Mike T.

Yamaha Motif ES8, Alesis Ion, Prophet 5 Rev 3.2, 1979 Rhodes Mark 1 Suitcase 73 Piano, Arp Odyssey Md III, Roland R-70 Drum Machine, Digitech Vocalist Live Pro. Roland Boss Chorus Ensemble CE-1.

 

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Knowwhat?

 

This is a compromise, but it might work...

 

Go to Craigslist and buy a used POD.

 

http://www.jbsmusic.co.uk/middle/line6_podXT.jpg

 

Then find a couple of small powered speakers and a little mixer.

 

There ya go.

 

Best solution for sound. Best solution for budget (because you don't have to buy all of that stuff at one time).

 

Yeah... I'm a freakin' genus. :laugh:

 

 

"Music expresses that which cannot be put into words and that which cannot remain silent." - Victor Hugo
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Can someone enlighten me? Why are the roland kc's bad? I was not aware of this. I have the 550, and other than some ground noise, which ive easily cured, it sounds pretty good to my ears. I curious to hears the negatives from you guys.

 

Or is it just the mono amp you guys are player hating?

 

It has nothing to do with mono vs. stereo.

 

The analogy is this, and forgive me if this sounds too trite. Imagine you've been driving around all your life in a 1985 Toyota Celica. It gets you where you're going, and you can tell friends that you have a car, and it's pretty darn good.

 

Then one day you borrow your friend's BMW 5 series.

 

You're in the same boat, only you've never borrowed your friend's car (errr.... amp).

 

:)

 

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Toyota? Bmw? I'll humor you because your canadian (im canadian as well) even though you have a huge ford plant a few miles away in oakville, you choose foriegn cars in your analogy... Its ok i forgive you this time.

 

Anyways, one brand is better than the other, that all I got from that. Such as?

-Greg

Motif XS8, MOXF8, Hammond XK1c, Vent

Rhodes Mark II 88 suitcase, Yamaha P255

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Imagine you've been driving around all your life in this:

 

http://sathyasaibaba.files.wordpress.com/2009/04/susan-boyle-thumbs-up1.jpg

 

It gets you where you're going, and you can tell friends that you have a nmnmbcgn, and it's pretty darn good. :thu:

 

 

Then one day you borrow your friend's nmnmbcgn:

 

http://img.dailymail.co.uk/i/pix/2008/03_03/amandaLIVE2103_468x575.jpg

 

You're in the same boat, only you've never borrowed your friend's nmnmbcgn (errr.... amp).

 

Thasrite. :D:thu:

 

Is There Gas in the Car? :cool:

"Music expresses that which cannot be put into words and that which cannot remain silent." - Victor Hugo
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Toyota? Bmw? I'll humor you because your canadian (im canadian as well) even though you have a huge ford plant a few miles away in oakville, you choose foriegn cars in your analogy... Its ok i forgive you this time.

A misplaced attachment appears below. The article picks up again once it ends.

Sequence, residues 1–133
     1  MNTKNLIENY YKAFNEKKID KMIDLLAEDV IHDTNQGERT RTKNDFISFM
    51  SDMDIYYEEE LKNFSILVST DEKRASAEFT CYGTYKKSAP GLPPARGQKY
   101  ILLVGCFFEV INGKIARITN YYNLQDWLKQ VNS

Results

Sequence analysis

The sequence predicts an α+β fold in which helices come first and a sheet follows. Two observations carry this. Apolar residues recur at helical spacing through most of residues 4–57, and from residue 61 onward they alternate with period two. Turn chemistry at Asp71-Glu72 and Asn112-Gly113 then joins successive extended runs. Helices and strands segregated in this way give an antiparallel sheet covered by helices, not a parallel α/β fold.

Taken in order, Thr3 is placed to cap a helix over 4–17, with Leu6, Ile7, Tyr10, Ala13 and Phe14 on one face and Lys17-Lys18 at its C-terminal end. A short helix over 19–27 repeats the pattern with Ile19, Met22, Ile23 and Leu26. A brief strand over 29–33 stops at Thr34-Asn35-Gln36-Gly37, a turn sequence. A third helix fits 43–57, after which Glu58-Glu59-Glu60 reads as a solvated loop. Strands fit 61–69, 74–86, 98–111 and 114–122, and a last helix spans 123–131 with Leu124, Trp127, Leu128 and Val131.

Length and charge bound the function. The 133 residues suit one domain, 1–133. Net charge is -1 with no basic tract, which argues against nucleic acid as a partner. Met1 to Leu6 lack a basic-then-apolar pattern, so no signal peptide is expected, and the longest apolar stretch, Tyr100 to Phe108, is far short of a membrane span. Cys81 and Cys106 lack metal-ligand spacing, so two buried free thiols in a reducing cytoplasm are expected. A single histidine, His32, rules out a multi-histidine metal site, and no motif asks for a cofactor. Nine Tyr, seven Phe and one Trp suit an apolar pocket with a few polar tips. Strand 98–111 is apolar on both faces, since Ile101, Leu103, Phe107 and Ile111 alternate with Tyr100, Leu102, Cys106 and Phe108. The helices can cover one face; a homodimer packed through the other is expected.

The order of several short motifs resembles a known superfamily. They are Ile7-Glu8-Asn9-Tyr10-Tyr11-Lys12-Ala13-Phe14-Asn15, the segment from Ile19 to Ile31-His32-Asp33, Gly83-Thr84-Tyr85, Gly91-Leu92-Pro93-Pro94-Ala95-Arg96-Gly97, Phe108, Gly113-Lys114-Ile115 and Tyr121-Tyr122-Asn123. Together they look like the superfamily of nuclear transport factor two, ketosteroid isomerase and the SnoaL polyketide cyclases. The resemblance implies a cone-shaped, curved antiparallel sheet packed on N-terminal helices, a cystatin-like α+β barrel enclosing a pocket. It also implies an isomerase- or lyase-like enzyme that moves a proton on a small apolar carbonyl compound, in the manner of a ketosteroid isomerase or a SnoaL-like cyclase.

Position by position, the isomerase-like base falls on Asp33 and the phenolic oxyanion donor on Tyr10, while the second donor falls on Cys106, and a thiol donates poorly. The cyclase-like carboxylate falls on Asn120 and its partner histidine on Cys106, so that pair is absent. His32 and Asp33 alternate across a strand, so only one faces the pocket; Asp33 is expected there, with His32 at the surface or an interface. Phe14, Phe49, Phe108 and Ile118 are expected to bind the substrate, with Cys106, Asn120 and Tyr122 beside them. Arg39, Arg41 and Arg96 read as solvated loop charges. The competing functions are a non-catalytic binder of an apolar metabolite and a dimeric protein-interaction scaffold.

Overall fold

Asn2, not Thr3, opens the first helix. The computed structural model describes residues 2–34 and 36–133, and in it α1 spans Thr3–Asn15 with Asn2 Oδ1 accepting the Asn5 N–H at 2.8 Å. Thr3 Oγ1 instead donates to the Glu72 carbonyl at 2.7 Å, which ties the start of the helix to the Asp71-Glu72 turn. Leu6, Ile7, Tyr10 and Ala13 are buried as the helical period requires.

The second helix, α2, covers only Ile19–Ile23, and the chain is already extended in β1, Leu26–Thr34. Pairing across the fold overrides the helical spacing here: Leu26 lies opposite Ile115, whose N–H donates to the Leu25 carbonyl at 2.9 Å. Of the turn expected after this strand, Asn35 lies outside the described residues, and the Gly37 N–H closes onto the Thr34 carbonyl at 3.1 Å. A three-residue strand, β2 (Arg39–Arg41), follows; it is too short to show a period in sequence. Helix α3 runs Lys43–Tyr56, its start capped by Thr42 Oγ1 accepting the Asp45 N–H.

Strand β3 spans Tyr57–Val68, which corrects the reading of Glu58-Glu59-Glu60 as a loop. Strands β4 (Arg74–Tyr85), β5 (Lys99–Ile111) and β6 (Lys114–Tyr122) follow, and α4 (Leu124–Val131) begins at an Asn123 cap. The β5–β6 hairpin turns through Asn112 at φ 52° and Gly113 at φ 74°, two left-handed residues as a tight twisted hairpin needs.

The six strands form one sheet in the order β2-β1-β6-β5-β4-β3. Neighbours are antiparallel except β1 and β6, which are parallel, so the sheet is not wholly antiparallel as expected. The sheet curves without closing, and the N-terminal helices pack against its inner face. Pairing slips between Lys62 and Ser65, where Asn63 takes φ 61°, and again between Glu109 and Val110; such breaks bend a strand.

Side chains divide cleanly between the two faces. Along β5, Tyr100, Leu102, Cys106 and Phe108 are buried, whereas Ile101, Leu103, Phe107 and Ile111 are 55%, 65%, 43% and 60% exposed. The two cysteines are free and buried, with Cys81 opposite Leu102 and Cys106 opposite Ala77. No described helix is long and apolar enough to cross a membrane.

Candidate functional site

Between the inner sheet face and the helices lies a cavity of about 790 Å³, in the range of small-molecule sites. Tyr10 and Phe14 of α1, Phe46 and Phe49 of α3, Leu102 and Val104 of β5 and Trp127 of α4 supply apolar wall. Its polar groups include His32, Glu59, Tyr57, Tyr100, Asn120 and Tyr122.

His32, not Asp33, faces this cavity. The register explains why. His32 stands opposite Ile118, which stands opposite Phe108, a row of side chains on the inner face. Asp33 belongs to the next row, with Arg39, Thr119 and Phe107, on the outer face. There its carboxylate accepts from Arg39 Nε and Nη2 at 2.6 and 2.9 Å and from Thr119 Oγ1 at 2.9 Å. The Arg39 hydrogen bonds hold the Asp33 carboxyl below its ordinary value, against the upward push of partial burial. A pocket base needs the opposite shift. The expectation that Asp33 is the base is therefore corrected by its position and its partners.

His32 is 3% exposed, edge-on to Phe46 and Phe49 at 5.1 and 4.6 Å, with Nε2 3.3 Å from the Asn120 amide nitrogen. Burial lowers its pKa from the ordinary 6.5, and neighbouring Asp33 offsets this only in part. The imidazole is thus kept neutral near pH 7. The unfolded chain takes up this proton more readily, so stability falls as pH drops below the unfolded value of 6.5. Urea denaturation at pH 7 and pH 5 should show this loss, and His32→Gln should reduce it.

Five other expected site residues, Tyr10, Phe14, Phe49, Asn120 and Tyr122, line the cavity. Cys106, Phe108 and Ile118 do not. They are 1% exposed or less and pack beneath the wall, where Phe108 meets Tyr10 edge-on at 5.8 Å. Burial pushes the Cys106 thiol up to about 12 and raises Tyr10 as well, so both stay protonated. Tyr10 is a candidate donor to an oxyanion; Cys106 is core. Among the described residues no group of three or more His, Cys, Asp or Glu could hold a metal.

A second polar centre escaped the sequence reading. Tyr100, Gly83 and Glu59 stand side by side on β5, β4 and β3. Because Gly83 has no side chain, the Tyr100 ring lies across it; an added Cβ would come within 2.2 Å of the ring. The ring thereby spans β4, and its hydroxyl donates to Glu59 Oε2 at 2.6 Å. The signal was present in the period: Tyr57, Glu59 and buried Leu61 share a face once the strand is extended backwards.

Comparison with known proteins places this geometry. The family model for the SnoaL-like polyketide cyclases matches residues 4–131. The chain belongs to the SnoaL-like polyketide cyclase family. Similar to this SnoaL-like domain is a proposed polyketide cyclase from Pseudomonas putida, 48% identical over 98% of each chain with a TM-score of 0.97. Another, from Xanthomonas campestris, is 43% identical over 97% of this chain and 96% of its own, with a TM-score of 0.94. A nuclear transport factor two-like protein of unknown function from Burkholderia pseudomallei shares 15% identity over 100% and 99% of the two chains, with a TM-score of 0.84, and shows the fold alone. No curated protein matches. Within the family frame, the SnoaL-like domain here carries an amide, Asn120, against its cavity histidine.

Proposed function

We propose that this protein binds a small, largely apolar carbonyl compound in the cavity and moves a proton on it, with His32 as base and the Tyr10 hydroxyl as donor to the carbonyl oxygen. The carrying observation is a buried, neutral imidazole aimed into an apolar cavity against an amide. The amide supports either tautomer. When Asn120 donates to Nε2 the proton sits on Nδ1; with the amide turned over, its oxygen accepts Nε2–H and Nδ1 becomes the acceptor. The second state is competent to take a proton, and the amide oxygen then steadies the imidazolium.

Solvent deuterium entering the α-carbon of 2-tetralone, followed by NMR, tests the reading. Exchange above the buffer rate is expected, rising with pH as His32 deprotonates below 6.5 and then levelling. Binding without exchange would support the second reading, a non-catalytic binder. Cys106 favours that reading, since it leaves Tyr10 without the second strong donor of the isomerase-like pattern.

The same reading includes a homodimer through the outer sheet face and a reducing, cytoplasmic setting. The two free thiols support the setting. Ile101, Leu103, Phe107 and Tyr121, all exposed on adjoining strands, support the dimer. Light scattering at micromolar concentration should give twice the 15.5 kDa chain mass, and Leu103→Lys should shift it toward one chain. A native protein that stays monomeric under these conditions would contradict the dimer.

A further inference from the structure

Point out for me (1) a domestic vehicle made in 1985 that is still on the road, and (2) a current domestic vehicle that you rate as high as the BMW 5 series. I'll gladly change my analogy.

 

Anyways, one brand is better than the other, that all I got from that. Such as?

 

Sigh. Okay, you have no idea what a good amp sounds like, because you've been listening to your boards through a piece of shit all this time. Better? :rolleyes:

 

Oh, and if you're truly Canadian, you should know it's spelled humour. Cheers. :wave:

 

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Toyota

 

http://www.phototravels.net/kyoto/geisha-n/geisha-kyoto-n-031.3.jpg

 

Bmw

 

http://www.oaksparkoktoberfest.com/oktoberfest/images/germangirl.jpg

 

Thats all i got from that analogy

-Greg

Motif XS8, MOXF8, Hammond XK1c, Vent

Rhodes Mark II 88 suitcase, Yamaha P255

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Sigh. Okay, you have no idea what a good amp sounds like, because you've been listening to your boards through a piece of shit all this time. Better? :rolleyes:

Okay fair enough... i have no idea..... brand that is good is?

-Greg

Motif XS8, MOXF8, Hammond XK1c, Vent

Rhodes Mark II 88 suitcase, Yamaha P255

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Or maybe this will help even more: Imagine you've been spending all your life eating McDonalds, and drinking Busch Light. It gets you where you're going, and you can tell friends that you have food and beer, and it's pretty darn good. Then one day you friend takes you to Mortons, buys you a steak, and then takes you out to enjoy a couple Sleemans Honey Brews (or insert your favorite Canadian brew here).

 

You're in the same boat, only your friend hasnt taken you to Mortons or let you have a good Sleemans (errr.... amp).